Why Do Athletes Choke in Competition?
I think athletes choke because they are too worried about results and what will happen if they fail or embarrass themselves. For example, golfers don’t want to get ridiculed for missing a short one on the 18th hole to win the match. Basketball player don’t want to miss a free-throw in the final moments of the game and lose the game.
A football kicker doesn’t want to miss a game-winning field goal kick, such as Scott Norwood of the Buffalo Bills in the Super Bowl. When your kick or shot could mean the difference between winning or losing for your team, you might have a greater chance for choking.
A research article published in Current Directions in Psychological Science (Association for Psychological Science) examines how choking can be caused when athletes think too much when performing. And certainly I think this is one explanation for choking under pressure.
“We think when you’re under pressure, that your attention goes inward naturally. Suddenly it means so much, you want to make sure everything’s working properly,” says Rob Gray, of the University of Birmingham. Athletes who are under pressure often try to do too much to performance well; they think they should try harder or analyze their game more. Thinking too much about a well-learned skill can actually sabotage your performance.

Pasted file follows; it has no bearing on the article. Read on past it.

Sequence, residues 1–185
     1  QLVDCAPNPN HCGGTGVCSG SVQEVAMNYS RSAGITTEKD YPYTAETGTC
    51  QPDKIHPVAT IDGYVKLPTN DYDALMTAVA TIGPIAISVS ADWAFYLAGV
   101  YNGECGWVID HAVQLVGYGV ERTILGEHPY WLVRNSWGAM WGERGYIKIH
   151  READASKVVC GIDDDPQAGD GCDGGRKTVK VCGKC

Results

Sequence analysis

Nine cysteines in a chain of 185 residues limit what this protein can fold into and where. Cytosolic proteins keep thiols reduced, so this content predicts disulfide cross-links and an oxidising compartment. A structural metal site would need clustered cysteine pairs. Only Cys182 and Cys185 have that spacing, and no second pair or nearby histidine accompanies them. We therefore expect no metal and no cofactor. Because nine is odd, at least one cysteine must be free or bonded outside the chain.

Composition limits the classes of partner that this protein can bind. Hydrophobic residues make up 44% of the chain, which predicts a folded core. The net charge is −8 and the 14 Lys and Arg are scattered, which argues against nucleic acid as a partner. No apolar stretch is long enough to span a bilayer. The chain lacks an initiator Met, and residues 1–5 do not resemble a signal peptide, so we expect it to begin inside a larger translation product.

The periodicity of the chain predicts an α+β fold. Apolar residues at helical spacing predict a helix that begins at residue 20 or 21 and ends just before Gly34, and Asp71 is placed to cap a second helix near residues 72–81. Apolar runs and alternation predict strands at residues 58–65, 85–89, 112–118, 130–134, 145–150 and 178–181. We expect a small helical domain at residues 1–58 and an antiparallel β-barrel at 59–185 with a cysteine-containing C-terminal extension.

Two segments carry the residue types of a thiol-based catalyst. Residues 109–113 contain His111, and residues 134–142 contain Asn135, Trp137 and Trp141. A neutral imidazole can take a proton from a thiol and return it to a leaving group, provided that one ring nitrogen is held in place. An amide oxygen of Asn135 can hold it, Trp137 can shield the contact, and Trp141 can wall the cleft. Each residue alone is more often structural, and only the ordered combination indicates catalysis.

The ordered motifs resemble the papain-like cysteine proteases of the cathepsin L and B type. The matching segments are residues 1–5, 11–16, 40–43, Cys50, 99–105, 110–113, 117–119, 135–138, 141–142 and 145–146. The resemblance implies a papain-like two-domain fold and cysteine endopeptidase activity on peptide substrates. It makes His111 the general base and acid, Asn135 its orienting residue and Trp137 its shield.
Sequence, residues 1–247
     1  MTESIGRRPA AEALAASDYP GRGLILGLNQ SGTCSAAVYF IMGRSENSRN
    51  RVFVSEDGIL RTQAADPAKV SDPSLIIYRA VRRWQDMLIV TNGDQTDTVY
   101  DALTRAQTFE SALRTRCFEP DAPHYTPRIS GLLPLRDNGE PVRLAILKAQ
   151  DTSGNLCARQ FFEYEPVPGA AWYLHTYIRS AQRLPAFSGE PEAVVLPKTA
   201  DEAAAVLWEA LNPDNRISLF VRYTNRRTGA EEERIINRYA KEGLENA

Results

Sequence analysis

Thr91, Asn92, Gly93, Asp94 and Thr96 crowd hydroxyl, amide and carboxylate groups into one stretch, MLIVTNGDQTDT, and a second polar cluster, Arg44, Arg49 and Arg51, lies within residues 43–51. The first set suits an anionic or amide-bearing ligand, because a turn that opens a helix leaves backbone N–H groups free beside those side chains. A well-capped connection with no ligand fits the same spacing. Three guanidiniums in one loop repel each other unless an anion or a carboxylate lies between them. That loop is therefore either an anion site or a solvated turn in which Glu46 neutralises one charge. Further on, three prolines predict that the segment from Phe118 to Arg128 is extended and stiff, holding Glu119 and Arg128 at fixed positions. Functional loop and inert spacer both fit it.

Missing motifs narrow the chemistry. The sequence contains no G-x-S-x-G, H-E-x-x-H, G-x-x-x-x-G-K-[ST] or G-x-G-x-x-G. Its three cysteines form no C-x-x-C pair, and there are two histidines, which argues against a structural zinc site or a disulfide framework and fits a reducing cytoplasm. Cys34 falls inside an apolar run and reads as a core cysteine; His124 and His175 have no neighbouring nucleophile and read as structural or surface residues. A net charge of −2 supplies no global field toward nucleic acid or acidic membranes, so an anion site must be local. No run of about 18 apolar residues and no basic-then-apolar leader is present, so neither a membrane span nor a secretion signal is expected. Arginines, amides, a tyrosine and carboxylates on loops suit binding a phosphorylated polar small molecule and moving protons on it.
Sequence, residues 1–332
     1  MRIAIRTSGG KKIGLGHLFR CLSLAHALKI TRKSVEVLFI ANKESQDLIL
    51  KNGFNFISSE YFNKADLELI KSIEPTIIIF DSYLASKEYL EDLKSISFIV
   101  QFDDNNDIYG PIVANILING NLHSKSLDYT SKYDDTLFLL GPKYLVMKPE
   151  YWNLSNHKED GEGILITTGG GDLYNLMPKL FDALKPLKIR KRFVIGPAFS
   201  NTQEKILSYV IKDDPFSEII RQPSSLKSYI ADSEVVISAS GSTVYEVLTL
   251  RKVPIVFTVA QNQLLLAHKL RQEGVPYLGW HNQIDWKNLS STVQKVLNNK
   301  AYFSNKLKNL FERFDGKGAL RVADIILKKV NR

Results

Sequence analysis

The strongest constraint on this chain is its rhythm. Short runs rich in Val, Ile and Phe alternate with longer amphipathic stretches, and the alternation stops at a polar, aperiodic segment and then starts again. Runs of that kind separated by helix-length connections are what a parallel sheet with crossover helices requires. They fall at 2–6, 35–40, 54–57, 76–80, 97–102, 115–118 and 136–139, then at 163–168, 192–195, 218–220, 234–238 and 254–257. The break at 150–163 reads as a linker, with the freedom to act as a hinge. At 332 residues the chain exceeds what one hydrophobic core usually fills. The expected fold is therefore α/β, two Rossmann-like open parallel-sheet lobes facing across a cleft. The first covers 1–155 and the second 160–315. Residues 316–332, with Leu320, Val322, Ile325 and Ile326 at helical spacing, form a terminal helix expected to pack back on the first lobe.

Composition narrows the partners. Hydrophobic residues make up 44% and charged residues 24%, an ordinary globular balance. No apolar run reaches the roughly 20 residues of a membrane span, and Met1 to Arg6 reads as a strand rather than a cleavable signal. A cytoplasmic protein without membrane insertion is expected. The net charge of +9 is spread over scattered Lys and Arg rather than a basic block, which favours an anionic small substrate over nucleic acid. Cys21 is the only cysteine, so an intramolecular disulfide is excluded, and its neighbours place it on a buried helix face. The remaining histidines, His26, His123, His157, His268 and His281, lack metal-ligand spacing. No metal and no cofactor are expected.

When in the zone, athletes are able to react intuitively based on their practice–they can let it happen instead of make it happen. But when you are afraid to fail or disappoint your team, it’s hard to let go and just trust in your skills. Gray says the objective is to help athletes understand what changes happen to them when they are worried about failing. “Focusing on what you’re doing makes you mess up, but why? How do your movements change? How can we focus on correcting those issues instead of telling you to stop trying so hard?”
Gray discovered that athletes who choke when they feel under pressure don’t perform as consistently. In baseball, they get less hits that what their stats would indicate. It’s clear that if you feel under pressure, you movements might not feel as fluid or smooth as normal. You might default to over-control, which happens with athletes who have the yips.
Over control is the same concept as over thinking your performance. Bottom line: you have to let go of trying harder and trust what you have trained yourself to do in practice.